If you ever wished your Nintendo Switch Joy-Con controllers had a little more color, you have two options: buy a new set of $ 80, choose from the very limited amount of color options that Nintendo makes or customize the one you have already owns.
I'm not just talking about applying some sticker stickers.
Various manufacturers sell replacement enclosures for Joy-Con controllers, and a search on Amazon shows how much variation there is. There are matte texture, such as those from Nintendo, or with a glossy finish. There are pastel colored covers, as well as translucent options if you are nostalgic for the transparent Nintendo 64 and Game Boy Color. And you can even find covers that have good directional pad replacement for the left Joy-Con (making it similar to the one in the Nintendo Switch Lite).
The big advantage of this project is that your Joy Disadvantages will stand out from the multitude of standard color options, and you can get a few sets of vibrant Joy-Con shells for much less than the cost of a set of new Switch controllers.
But there are also a few drawbacks. You will (probably) invalidate your controllers' warranty when you open them to transplant the components. Although you don't have to tear up warranty stickers to get into a Joy-Con, Nintendo should probably find out that you're messing around inside if you ever have to fix one.
Also this project is not as easy as you might think. Luckily you don't have to solder, but there are a lot of screws, ribbon cables and other very small parts in every Joy-Con that you have to carefully remove and reapply.
Before we start, two things. First, if you switch between the two Joy-Con controllers, you start with the left controller. It is much easier to operate than the right one, and it will serve as an intro for playing with Joy-Con internals. The right controller contains more components, and they are organized in a more complex way, which makes it more difficult if you don't know the general layout yet.
Second, as you will soon discover, I am not a professional in taking things apart. You may be able to do this in a faster, more elegant and perhaps more organized way. But I was guided by my bliss and curiosity and it led me to a number of colorful Joy-Cons that work perfectly. It can also work for you with the right tools and a lot of patience.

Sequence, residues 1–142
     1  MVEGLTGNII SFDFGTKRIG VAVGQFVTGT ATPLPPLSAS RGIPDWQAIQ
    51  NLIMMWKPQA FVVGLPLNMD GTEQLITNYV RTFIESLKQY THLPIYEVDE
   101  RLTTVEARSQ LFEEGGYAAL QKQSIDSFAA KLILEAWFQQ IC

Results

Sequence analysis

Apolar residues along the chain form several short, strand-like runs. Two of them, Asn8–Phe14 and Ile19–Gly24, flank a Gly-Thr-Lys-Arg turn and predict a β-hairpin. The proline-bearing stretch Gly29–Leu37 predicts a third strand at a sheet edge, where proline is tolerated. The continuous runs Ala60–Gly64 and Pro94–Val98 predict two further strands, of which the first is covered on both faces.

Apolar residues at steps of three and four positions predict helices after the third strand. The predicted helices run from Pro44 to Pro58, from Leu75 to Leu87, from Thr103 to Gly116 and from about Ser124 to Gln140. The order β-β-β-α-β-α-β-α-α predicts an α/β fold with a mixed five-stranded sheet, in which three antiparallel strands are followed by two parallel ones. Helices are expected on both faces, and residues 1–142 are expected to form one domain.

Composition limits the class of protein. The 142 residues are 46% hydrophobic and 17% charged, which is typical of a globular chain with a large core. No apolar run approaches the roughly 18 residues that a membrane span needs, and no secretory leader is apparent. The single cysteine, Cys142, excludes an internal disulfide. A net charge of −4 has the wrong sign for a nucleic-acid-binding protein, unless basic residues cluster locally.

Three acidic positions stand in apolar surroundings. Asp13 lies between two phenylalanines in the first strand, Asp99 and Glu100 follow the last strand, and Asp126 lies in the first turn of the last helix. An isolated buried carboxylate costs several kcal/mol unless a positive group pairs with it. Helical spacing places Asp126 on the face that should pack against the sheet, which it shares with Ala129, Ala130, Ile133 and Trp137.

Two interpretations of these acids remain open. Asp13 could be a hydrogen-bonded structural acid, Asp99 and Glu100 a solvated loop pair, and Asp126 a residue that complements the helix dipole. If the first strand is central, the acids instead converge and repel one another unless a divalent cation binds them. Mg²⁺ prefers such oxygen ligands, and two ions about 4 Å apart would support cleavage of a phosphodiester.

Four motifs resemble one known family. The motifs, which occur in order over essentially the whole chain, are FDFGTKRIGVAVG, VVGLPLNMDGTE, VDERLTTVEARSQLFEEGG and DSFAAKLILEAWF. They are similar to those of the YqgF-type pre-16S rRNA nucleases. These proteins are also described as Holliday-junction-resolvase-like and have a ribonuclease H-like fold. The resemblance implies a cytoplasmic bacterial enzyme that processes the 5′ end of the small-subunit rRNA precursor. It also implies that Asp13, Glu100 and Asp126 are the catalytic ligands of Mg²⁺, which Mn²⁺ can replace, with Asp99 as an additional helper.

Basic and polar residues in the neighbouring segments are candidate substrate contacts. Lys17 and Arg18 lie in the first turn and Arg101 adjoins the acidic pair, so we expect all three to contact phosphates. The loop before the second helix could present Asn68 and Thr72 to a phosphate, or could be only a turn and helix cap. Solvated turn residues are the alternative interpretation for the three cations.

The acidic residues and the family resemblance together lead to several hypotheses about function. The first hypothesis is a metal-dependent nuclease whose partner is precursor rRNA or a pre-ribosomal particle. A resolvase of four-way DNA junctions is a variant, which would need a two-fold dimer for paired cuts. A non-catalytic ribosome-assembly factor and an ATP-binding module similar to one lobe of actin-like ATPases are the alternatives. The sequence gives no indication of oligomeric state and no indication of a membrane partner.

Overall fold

For some, this can be a difficult step. At Amazon there are many colors to choose from, and you can mix and match to your liking. Use your imagination and go completely crazy. I bought a set of translucent Joyco charcoal dishes, complete with colored face buttons in the style of the Super Famicom. I also bought a set of matte-texture periwinkle scales because that color is very under-represented in gaming accessories, and it is also one of my favorite colors. Each set costs around $ 20.
You can get creative with the Joy-Con shells you already have. Suppose you have a gray Joy-Con, and a pair of neon blue and red. You can exchange those colors for a unique look without having to spend money on new shells.
iFixit & # 39; s Pro Tech toolkit has many more tools than you need for this project, including everything you need to get inside your Joy-Con. This kit costs $ 59.99, and if you like to do this type of project regularly, it is well worth the cost.
If you want to go a la carte, here are the most important things I used for this project:
- (to open the Joy-Con)
- Metal spudger (to gently detach and re-connect components) to be attached)
- A screwdriver with two bits. First, a JIS-JIS bit to use on the bowels of the Joy-Con – it looks like a crosshead, but differs in subtle and important ways. Secondly, a Y00-type three-point bit for the screws that hold the Joy-Con together.
- Open the Joy-Con with the Y00-type screw bit and save the screws carefully.
- Use an opening or a thin card to open the Joy-Con, carefully separating the two sides along the rounded edge so that you do not pull on the ribbon cables that hold them together.
- Carefully pry off the battery with the metal spudger. It is attached to the black middle plastic part with some glue, but it doesn't take much effort to lift it. Do it carefully so that you do not bend the battery. As you continue, try to keep the glue dust-free so that it stays sticky when you replace the battery later.